Northern District Public Service Commissioner Brandon Presley said there's now enough federal money to bring broadband fiber internet to every home in Mississippi.
Presley made his comments at the monthly Stennis Capitol Press Club Forum Monday. He said proper allocation of federal COVID-19 relief funds (the state will receive $1.8 billion in American Rescue Plan funds) and federal rural connection funds could get every household in the state connected with fiber optic cable that would help in education and in healthcare.
“We’ve got to build for the future and get our head out of the sand as a state and as policy leaders and say ‘what are we doing to affect the lives of these children coming up?’ And how in a modern world are we going to compete?” Presley said.
He said the state has gone from 49th worst connected state to the 42nd, but there is “plenty of work to do there.”
He also criticized AT&T, which has received more than $283 million dollars from the Federal Communications Commission’s Rural Connection Fund to extend broadband service to 133,000 customers.
The PSC later asked the FCC for an audit of AT&T in 2020 and the company later responded with the required documents after the commission issued a subpoena.
“Some telecom companies have had a decade to go and a billion dollars to go and they’ve got three letters and an ‘and’ in their name and are still not there,” Presley said.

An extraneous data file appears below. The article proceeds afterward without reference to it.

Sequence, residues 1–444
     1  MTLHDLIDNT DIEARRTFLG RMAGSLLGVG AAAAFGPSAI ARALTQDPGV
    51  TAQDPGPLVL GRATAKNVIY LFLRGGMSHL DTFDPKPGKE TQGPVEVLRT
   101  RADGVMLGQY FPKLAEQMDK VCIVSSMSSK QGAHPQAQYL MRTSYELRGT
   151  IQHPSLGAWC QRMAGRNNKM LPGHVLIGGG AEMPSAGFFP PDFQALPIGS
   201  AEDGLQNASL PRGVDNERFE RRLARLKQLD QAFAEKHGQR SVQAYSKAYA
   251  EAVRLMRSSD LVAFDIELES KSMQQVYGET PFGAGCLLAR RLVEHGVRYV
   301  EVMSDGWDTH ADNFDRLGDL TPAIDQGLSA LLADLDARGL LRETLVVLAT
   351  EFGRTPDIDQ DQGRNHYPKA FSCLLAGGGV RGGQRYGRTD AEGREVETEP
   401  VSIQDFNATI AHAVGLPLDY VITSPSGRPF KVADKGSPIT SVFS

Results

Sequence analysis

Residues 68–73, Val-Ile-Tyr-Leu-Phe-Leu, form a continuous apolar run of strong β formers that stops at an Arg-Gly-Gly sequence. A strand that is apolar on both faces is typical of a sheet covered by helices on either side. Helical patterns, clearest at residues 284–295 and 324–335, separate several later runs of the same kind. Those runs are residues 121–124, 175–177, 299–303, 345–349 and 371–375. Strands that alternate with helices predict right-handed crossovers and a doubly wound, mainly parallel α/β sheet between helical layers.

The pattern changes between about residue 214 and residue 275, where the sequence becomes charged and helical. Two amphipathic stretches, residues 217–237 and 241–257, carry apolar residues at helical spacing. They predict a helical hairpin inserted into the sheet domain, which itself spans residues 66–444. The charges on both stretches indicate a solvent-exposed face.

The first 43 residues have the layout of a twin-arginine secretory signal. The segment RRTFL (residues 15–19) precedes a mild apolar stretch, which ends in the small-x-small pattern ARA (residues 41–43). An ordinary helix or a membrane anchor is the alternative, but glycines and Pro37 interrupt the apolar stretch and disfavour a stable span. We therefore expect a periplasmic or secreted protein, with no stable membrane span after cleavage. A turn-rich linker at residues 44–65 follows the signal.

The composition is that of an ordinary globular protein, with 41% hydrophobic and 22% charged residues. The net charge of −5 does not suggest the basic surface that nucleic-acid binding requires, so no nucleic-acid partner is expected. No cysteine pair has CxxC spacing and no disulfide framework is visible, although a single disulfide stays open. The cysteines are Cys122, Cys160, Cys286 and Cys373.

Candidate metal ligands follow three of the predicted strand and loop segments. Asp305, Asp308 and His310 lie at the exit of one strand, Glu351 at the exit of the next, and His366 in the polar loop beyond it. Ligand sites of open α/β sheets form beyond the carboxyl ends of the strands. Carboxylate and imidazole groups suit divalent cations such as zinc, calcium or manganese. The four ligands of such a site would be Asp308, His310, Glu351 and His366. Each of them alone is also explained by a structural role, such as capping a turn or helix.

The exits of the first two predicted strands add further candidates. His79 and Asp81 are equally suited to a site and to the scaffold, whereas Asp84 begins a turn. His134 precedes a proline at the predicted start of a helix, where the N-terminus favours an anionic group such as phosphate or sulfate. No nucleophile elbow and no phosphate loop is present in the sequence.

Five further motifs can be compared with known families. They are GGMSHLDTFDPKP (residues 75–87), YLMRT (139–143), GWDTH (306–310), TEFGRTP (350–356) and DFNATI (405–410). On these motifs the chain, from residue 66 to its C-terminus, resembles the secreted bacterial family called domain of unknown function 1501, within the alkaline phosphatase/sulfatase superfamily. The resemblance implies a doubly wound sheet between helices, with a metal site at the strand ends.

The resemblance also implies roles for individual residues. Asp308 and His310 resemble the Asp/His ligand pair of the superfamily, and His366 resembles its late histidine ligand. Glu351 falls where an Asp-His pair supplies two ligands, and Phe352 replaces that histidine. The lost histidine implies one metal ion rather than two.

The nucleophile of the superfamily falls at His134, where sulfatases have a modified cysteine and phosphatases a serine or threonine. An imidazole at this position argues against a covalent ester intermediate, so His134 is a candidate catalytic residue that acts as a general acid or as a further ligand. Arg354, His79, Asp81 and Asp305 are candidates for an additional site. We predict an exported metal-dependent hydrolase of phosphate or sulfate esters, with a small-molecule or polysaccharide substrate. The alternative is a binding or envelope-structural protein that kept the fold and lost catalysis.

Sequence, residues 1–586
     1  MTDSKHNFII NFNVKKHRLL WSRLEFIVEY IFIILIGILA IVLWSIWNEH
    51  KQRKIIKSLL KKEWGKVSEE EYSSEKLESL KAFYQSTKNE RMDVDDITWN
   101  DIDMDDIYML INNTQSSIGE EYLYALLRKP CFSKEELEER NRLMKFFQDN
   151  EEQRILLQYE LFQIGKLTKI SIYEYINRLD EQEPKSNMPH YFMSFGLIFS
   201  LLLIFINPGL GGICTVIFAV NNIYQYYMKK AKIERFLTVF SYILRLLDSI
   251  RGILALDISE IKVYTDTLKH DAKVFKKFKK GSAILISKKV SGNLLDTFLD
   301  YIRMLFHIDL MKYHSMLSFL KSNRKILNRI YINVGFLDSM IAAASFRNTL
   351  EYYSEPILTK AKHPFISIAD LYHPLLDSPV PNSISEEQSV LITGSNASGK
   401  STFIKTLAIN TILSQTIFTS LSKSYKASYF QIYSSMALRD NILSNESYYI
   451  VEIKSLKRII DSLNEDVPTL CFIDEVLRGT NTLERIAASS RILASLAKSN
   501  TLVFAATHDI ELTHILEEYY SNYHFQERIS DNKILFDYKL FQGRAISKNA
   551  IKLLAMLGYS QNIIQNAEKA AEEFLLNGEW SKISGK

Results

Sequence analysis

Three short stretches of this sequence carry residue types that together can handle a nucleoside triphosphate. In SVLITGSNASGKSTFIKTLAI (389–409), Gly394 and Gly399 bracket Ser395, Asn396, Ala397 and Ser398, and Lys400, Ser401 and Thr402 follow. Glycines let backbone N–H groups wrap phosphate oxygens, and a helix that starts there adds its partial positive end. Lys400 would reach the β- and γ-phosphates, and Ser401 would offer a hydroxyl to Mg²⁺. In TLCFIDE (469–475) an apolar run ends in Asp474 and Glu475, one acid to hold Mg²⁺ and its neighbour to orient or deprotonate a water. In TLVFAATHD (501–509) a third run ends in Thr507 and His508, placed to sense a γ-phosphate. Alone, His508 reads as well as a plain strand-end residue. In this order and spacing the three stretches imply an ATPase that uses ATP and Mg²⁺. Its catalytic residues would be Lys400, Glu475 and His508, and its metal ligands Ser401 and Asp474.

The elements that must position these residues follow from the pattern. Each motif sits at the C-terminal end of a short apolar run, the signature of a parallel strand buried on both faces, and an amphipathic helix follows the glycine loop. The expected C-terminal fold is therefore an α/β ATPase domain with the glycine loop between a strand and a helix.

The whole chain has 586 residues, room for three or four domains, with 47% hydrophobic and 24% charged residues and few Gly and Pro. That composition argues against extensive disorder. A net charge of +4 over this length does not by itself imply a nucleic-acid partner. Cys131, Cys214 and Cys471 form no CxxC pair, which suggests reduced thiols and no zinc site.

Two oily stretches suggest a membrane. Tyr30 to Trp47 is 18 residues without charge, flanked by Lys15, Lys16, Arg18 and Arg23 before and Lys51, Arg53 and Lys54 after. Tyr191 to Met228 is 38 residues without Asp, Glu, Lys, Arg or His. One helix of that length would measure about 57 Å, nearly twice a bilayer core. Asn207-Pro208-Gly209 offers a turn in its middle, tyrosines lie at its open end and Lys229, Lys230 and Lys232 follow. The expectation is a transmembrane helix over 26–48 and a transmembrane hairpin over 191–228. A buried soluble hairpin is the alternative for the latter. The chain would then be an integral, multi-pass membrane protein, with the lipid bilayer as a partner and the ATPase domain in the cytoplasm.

He praised the effort of non-profit electric power associations, also known as cooperatives, to bring broadband to their rural customers. Only seven of the 25 EPAs statewide have declined to provide internet service to their electrical customers. A bill was passed in the Legislature in 2019 to allow EPAs to provide the service.
Presley also said federal infrastructure funds should be spent on extending water service to 382,000 people in rural areas of the state who depend on wells, one-third of which Presley said are contaminated with bacteria.
He also said those funds should be used to get rid of lead and asbestos pipes for existing water associations.
The four-term Democratic PSC commissioner praised both Lt. Gov. Delbert Hosemann and House Speaker Philip Gunn for their work on rural broadband and willingness to spend federal relief dollars on expanding broadband access.
“They’re willing to come to the table and look at issues that impact all Mississippians in a way that throws politics and the trash and asks the question what’s the right thing to do?” Presley said. He particularly praised the passage last year of Senate Bill 2789, which allowed the state’s two investor-owned utilities — Entergy and Mississippi Power — to use fiber optic cable laid for smart grid technology to be leased out to operators to help extend broadband service to more households.
“It’s a commonsense solution that makes not only for the future of the electric grid, but for the future of broadband deployment and to keep rates low,” Presley said.
He also said this technology helped Mississippi Power have minimal outages during Hurricane Ida, which made landfall in Louisiana before heading north to Mississippi.